University athletes must waive privacy to play

Canadian university students who want to play sports such as football and hockey will be required this fall to waive their right to privacy if their names are uncovered by law enforcement authorities during drug busts.

Under the current legal landscape, when law enforcement staff seize steroids and other banned substances that are being smuggled into Canada at border points or through the mail, the Canada Border Services Agency is typically not allowed to disclose information to the Canadian Centre for Ethics in Sport about who has ordered the drugs because of privacy legislation.

The privacy laws handicap the CCES in its investigations, staff say.

TSN has learned that the CIS’s board has unanimously endorsed a request from CCES chief executive Paul Melia that some university athletes be required to sign a waiver that would allow law enforcement officials to disclose their identities if they are discovered to be involved with importing banned substances.

The CIS’s 11-member board approved the motion unanimously, CIS executive director Pierre Lafontaine told TSN.

CCES chief executive Paul Melia said the consent waivers are just one of the ways the CCES is trying to improve its policing of drug use in Canadian sport.

The CCES also has two full-time staffers recently dedicated to intelligence gathering, has purchased computer software to cross-reference the names of athletes on other information databases, and has requested briefings with anti-doping authorities in the U.K. and Australia, asking how they manage their own investigations.

Melia said the CCES has also started to ask Canadian universities for information such as speed and strength test data. Player sprint times and bench press results might tip authorities off to drug use, if the results improve appreciably from one year to the next.

Melia said having athletes sign a consent agreement would help his staff gather information about steroid trafficking far more quickly.

“If there is a seizure at the border by CBSA and they lay charges and there is a conviction then the names of those convicted will become public,” he said. “In many instances, though, seizures are made and charges not necessarily laid. More important, the seizures often also include client lists, distribution lists and destination points for distribution, all of which would be of enormous interest to the CCES.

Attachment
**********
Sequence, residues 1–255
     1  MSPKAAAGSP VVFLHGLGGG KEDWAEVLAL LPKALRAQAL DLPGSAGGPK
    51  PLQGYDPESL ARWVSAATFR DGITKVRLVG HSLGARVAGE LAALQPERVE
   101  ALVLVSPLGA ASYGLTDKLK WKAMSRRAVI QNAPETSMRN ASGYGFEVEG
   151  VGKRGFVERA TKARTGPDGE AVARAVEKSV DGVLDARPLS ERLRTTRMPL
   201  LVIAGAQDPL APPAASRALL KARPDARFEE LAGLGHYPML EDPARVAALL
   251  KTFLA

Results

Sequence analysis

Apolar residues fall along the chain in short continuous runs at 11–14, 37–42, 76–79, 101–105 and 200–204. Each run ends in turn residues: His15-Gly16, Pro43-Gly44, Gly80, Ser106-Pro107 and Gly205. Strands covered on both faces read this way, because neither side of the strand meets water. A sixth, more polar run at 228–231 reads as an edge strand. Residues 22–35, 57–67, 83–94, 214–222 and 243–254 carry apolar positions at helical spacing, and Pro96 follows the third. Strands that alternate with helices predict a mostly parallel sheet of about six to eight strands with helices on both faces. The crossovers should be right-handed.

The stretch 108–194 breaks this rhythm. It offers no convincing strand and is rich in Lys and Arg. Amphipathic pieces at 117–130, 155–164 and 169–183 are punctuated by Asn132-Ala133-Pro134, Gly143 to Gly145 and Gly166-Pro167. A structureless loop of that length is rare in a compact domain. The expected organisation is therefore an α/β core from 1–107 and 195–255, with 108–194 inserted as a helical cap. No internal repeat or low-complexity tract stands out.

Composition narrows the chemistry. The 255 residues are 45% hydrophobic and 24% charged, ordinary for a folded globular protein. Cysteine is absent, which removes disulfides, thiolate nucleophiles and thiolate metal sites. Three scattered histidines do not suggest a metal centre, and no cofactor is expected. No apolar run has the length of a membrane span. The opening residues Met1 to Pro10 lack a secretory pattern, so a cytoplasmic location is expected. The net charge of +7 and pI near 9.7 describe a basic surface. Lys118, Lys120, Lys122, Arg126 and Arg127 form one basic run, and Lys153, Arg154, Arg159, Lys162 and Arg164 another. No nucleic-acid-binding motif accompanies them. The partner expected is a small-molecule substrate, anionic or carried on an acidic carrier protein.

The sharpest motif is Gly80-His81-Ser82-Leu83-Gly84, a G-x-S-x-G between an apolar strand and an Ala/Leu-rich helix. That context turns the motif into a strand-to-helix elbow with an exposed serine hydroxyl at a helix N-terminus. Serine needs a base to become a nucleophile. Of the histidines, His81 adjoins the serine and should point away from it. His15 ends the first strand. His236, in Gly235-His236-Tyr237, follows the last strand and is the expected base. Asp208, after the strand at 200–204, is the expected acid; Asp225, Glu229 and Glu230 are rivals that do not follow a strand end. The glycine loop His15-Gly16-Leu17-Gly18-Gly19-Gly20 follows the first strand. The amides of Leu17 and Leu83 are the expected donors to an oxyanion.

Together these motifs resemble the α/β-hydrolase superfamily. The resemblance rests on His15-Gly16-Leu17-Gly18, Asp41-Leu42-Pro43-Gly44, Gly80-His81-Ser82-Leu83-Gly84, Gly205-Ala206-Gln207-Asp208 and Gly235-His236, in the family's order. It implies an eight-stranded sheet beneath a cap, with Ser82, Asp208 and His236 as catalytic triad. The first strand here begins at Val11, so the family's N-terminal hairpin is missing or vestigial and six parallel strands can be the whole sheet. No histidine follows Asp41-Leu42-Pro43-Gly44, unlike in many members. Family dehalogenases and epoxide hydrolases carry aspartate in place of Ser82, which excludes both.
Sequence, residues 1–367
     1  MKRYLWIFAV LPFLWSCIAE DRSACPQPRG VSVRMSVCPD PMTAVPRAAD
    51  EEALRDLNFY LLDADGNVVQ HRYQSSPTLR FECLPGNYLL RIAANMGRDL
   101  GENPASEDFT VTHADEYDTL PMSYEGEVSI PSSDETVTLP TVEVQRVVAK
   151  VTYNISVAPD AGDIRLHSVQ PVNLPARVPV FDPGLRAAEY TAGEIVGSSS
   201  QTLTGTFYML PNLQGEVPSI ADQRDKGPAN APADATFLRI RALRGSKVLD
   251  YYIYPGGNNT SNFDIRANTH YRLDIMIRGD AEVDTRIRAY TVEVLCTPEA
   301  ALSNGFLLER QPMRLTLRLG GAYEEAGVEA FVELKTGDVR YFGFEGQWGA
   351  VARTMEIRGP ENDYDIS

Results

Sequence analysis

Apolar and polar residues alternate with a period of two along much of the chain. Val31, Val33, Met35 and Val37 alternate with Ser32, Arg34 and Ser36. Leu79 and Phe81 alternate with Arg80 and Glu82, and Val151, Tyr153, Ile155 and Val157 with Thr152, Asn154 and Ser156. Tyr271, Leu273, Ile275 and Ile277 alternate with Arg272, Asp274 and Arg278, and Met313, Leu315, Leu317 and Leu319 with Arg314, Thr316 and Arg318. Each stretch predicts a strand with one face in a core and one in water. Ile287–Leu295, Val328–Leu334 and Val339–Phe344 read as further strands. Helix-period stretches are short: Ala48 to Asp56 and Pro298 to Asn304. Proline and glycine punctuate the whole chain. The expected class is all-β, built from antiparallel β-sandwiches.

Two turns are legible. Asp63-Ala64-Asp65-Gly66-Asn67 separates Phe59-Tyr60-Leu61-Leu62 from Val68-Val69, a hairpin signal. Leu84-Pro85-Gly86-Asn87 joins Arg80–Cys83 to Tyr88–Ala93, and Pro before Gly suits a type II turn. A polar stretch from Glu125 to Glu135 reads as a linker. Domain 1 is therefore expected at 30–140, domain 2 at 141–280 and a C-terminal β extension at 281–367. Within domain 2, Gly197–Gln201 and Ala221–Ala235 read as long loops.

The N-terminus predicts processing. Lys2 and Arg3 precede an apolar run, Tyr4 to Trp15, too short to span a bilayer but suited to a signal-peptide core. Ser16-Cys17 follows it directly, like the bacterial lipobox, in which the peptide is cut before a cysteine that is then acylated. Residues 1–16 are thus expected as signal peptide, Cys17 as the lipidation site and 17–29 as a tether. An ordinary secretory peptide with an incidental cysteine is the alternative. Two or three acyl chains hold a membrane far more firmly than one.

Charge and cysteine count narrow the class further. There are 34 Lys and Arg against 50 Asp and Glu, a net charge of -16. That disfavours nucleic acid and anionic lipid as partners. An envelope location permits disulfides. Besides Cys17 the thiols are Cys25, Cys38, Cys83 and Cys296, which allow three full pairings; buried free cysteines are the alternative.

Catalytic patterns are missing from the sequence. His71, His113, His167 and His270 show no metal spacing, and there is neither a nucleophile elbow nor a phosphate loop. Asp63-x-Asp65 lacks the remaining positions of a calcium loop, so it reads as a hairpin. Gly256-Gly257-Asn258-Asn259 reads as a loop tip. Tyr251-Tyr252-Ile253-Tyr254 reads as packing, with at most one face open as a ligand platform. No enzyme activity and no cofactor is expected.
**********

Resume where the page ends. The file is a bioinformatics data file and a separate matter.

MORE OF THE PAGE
“Similarly, the police might conduct a drug bust and only pursue charges against certain individuals and their activities related to the so-called hard drugs like heroin and ecstasy even though steroids and human growth hormone might have been involved. Again, computer lists of names, clients, customers might be part of what is seized but not available to us under the current conditions.”

Athletes who compete in Olympic and Paralympic sports already are being given the consent agreements to sign.

The agreement, part of the 2015 Canadian Anti-Doping Program, reads: “I consent to having police and law enforcement agencies, border services agencies, Sport Organizations of which I am a member and sporting clubs and athletic associations to which I belong, in Canada and elsewhere, disclose my personal information to the CCES to assist the CCES in the enforcement of the CADP. For the purpose of this consent, the term ‘personal information’ means information relating to an identifiable individual that is recorded in any form.”

Melia said he’s not looking immediately to secure the consent of every Canadian university athlete.

“We have to balance the cost and practicality of securing athlete consent,” Melia told TSN. “We will certainly be focusing on the high risk sports and football is at the top of the list…we will certainly be looking at hockey carefully.”

Melia said that while the signed consents would allow CCES to have conversations with law enforcement agencies, including border service, there’s no legal framework that would compel those agencies to assist the CCES.

The CCES and CIS have been discussing the consent form for athletes weeks after police in Alberta seized nearly $10 million worth of steroids in a string of raids at five locations in Edmonton.

At that time, police confirmed the CCES was investigating whether those steroid dealers sold banned performance-enhancing drugs to professional or amateur athletes across the country.

Four people were arrested in what authorities say is the biggest illegal steroid seizure ever by Canadian police, who took into custody 350,000 tablets, 10,500 vials and 124 kilograms worth of raw steroid powder.

Police have not presented evidence that any college or university athletes bought illegal steroids from the Edmonton criminal ring and in Canada, it is not illegal to possess steroids, but it is illegal to import them or possess them for the purpose of trafficking.

The Edmonton bust came months after three top Canadian college football prospects tested positive for banned performance-enhancing drugs at a CFL-sanctioned training camp.

Critics have called college football in Canada a “Wild West” where players game the system without fear of being caught. That’s because there are 11,000 athletes competing in Canadian university sports, but only enough money to administer 200 drug tests per year.

In 2010, the University of Waterloo suspended its football program after a wave of players were discovered using steroids. There was a brief period when drug testing across Canada increased, but it has since reversed course.

http://www.tsn.ca/talent/westhead-canadian-university-athletes-must-waive-privacy-to-play-cis-1.119243

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